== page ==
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International Journal of Antennas and Propagation
Volume 2018, Article ID 6841285, 14 pages
https://doi.org/10.1155/2018/6841285
Research Article

Adaptive Gain Control Method of a Phase-Locked Loop for GNSS Carrier Signal Tracking

College of Automation, Harbin Engineering University, Harbin, China

Correspondence should be addressed to Jicheng Ding; moc.361@ueh.noraa

Received 7 October 2017; Accepted 11 December 2017; Published 4 March 2018

Academic Editor: N. Nasimuddin

Copyright © 2018 Zhibin Luo et al. This is an open access article distributed under the Creative Commons Attribution License, which permits unrestricted use, distribution, and reproduction in any medium, provided the original work is properly cited.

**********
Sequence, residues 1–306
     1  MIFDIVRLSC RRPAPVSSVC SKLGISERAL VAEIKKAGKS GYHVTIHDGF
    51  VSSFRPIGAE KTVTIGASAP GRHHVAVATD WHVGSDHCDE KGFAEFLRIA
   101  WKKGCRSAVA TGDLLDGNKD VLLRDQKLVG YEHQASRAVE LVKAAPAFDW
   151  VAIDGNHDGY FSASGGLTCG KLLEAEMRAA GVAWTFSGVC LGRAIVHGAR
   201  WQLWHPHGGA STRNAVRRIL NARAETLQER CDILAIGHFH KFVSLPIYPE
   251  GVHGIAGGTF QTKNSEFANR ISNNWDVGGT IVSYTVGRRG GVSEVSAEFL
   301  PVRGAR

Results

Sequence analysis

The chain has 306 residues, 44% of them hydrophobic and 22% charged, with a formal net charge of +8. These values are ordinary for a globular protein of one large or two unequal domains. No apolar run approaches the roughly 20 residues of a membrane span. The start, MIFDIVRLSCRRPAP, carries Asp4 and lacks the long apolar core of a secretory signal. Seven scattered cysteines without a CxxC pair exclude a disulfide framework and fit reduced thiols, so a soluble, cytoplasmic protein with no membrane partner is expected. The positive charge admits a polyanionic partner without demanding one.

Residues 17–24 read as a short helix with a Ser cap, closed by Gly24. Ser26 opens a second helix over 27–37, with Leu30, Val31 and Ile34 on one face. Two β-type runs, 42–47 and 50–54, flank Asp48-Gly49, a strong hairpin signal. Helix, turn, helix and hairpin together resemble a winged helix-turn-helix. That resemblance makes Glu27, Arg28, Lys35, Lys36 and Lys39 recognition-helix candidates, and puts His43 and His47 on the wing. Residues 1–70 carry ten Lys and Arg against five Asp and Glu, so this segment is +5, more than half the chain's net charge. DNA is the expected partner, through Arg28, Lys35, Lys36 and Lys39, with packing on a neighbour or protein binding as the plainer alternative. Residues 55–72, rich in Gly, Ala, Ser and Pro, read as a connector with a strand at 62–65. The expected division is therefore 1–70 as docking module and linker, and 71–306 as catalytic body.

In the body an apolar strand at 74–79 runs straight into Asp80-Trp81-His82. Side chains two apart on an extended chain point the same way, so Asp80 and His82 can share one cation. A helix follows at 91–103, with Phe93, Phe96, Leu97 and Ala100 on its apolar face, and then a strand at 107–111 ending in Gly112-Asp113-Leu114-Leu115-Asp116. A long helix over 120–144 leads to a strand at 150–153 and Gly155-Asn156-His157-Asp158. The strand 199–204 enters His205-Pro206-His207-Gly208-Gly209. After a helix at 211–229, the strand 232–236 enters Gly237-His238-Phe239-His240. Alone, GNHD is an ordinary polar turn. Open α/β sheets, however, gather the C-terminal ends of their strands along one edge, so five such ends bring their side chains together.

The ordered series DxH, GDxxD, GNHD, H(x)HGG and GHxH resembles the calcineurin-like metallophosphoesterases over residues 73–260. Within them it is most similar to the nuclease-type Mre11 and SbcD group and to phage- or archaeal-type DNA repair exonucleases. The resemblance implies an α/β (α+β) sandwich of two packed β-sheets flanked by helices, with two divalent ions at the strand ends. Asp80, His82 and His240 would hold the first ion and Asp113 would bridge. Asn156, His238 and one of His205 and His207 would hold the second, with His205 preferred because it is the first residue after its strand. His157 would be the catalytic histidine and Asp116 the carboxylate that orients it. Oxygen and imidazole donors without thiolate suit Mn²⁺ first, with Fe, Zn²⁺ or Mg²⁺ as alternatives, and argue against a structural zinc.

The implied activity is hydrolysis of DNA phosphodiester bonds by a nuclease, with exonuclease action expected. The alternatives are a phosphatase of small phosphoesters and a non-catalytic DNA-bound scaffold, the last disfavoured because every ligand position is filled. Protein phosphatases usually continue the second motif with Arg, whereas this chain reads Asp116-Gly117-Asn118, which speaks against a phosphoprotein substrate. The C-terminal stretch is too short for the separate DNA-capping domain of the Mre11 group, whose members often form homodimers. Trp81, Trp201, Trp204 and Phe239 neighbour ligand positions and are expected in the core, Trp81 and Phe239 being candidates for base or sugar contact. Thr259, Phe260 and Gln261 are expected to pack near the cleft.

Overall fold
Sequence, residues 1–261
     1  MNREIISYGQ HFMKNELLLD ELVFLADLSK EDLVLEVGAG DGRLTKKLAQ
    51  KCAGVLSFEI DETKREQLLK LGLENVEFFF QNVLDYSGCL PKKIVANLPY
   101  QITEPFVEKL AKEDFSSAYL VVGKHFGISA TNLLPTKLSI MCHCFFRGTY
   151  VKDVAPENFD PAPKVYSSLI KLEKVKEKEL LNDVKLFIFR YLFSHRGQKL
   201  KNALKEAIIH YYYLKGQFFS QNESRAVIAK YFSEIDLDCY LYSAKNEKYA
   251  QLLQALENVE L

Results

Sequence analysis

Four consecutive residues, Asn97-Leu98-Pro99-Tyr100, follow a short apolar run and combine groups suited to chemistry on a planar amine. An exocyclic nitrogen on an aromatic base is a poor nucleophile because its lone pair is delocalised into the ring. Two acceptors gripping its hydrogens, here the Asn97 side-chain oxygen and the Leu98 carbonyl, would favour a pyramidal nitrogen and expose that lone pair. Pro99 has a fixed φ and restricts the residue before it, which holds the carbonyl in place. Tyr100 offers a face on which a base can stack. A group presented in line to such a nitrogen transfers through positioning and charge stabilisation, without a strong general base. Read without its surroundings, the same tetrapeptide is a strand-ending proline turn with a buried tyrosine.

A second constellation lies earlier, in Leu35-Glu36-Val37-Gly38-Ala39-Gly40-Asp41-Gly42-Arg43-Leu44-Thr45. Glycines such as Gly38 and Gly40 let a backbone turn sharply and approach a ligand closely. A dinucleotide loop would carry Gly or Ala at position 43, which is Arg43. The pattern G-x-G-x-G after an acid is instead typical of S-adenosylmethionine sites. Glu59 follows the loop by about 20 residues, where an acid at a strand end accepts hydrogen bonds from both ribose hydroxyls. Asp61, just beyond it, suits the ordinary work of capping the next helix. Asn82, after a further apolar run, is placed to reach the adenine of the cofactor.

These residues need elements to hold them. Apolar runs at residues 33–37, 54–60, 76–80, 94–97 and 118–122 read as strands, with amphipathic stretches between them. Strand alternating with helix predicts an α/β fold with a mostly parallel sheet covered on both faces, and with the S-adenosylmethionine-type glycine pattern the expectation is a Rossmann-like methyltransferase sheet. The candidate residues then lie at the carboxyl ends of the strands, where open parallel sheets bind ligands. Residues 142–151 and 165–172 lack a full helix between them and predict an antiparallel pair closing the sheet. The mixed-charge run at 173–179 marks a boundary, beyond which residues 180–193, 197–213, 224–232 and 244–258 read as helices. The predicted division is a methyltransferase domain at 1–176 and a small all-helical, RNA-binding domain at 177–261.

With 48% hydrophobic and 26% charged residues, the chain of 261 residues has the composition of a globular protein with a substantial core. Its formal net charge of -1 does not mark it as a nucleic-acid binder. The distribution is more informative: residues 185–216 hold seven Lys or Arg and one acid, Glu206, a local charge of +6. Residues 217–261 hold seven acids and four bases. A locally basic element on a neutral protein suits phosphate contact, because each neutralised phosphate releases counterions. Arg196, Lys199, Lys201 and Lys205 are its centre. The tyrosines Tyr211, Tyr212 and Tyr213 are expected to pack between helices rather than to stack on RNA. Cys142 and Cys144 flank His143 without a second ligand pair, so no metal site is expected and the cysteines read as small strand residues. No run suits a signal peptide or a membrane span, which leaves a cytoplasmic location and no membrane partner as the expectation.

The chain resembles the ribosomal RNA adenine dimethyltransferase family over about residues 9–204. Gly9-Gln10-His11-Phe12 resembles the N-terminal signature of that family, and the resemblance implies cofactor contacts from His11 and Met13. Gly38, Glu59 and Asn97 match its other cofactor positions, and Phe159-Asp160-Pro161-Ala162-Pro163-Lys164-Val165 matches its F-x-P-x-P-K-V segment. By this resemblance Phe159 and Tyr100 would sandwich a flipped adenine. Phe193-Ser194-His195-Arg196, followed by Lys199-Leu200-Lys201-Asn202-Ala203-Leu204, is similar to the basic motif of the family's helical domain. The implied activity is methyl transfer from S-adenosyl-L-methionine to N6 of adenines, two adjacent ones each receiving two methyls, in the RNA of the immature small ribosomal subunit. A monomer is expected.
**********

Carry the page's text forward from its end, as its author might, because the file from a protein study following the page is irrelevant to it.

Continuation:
Abstract

The global navigation satellite system (GNSS) has been widely used in both military and civil fields. This study focuses on enhancing the carrier tracking ability of the phase-locked loop (PLL) in GNSS receivers for high-dynamic application. The PLL is a very popular and practical approach for tracking the GNSS carrier signal which propagates in the form of electromagnetic wave. However, a PLL with constant coefficient would be suboptimal. Adaptive loop noise bandwidth techniques proposed by previous researches can improve PLL tracking behavior to some extent. This paper presents a novel PLL with an adaptive loop gain control filter (AGCF-PLL) that can provide an alternative. The mathematical model based on second- and third-order PLL was derived. The error characteristics of the AGCF-PLL were also derived and analyzed under different signal conditions, which mainly refers to the different combinations of carrier phase dynamic and signal strength. Based on error characteristic curves, the optimal loop gain control method has been achieved to minimize tracking error. Finally, the completely adaptive loop gain control algorithm was designed. Comparable test results and analysis using the new method, conventional PLL, FLL-assisted PLL, and FAB-LL demonstrate that the AGCF-PLL has stronger adaptability to high target movement dynamic.